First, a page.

Stay well this winter. Or as my doctor says to me: "Be well." If you use hand sanitizer I'd love to hear from you. Did you know you are actually drying out your top layer of skin and just sanitizing the dirt on your hands?

Monday, January 2, 2012

Recording an Accurate Calorie Burn

I used to wear a heart rate monitor. I hope to again this year (I need to get the batteries replaced). The only tough thing for me is I don't like to wear an HRM during Yoga. I also do not typically wear it during skiing, hiking, and snowshoeing, or even ice skating for that matter. A Polar HRM is the best brand out there that I've seen. I'm also a bit biased since I used to work with Polar.

If you are considering a Polar for 2012 you'll find that has the best prices. Polar also features a free website for logging your workouts and tracking your progress. Back when I got my first Polar you needed to buy a separate device for the logging. Since Polar uses a chest strap it is more accurate than any other type of HRM. Wrist only does not log an accurate burn. I know research tends to go one way or the other in terms of the 'fat burning zone'. For me, it was just a nice way to know what I was burning.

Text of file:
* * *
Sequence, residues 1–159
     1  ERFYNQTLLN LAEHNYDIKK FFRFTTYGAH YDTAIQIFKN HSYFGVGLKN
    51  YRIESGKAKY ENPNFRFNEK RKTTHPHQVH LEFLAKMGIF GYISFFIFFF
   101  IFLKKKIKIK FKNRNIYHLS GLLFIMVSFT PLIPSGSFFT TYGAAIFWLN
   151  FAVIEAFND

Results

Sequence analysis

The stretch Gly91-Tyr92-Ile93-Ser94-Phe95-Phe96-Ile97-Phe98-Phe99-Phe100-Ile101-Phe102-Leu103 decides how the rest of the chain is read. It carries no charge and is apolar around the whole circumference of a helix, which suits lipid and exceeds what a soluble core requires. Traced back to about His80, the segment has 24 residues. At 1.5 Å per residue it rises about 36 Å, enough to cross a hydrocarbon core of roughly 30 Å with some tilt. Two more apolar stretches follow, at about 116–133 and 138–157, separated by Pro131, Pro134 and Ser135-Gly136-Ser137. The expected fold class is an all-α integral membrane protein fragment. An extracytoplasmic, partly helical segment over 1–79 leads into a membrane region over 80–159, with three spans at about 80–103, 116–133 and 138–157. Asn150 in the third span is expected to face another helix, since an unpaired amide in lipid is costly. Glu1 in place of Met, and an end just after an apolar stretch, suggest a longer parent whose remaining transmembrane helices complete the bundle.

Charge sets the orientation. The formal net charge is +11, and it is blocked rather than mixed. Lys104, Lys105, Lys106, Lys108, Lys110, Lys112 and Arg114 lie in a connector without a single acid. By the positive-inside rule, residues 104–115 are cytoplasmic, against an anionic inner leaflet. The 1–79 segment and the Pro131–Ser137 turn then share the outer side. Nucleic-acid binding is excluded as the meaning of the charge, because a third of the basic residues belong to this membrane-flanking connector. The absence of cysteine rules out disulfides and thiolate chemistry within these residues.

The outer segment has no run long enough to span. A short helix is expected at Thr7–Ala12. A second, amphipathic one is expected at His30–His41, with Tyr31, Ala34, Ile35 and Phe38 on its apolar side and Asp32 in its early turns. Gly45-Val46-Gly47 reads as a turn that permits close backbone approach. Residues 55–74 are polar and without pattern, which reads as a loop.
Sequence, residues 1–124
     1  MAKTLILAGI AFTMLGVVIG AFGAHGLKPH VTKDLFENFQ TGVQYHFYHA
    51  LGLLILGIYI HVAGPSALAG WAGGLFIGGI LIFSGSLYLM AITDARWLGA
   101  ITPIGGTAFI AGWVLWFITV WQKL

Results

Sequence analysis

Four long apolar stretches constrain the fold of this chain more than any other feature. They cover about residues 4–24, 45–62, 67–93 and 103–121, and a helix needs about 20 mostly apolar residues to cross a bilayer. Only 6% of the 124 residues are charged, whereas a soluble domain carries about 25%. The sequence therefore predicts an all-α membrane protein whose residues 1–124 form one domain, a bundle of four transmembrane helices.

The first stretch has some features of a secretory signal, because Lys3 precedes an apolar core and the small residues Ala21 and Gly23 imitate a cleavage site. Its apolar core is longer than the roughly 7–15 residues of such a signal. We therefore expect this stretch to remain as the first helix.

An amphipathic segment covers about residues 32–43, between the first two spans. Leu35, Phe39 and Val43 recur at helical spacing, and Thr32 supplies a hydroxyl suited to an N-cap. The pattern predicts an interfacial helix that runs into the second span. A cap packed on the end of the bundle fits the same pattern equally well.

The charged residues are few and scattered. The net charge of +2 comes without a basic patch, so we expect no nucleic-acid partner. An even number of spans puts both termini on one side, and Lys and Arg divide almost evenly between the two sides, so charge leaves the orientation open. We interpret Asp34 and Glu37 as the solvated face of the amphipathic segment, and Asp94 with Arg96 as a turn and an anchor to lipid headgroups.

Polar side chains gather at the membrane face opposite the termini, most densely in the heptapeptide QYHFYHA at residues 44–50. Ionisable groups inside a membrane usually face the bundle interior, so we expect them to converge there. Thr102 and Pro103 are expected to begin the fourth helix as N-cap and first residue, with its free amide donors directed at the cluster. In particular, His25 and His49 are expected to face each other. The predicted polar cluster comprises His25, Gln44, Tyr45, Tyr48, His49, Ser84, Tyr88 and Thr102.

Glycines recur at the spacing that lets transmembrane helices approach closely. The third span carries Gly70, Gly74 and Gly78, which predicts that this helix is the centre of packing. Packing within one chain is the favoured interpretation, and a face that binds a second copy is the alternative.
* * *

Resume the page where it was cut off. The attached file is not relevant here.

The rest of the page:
I also suggest this site for figuring out what you burned on a hike or out on the bike or pretty much anything. Last winter with all of that snow I logged what I burned shoveling. The snowbanks were over my head at one point so I wanted to log all of that effort.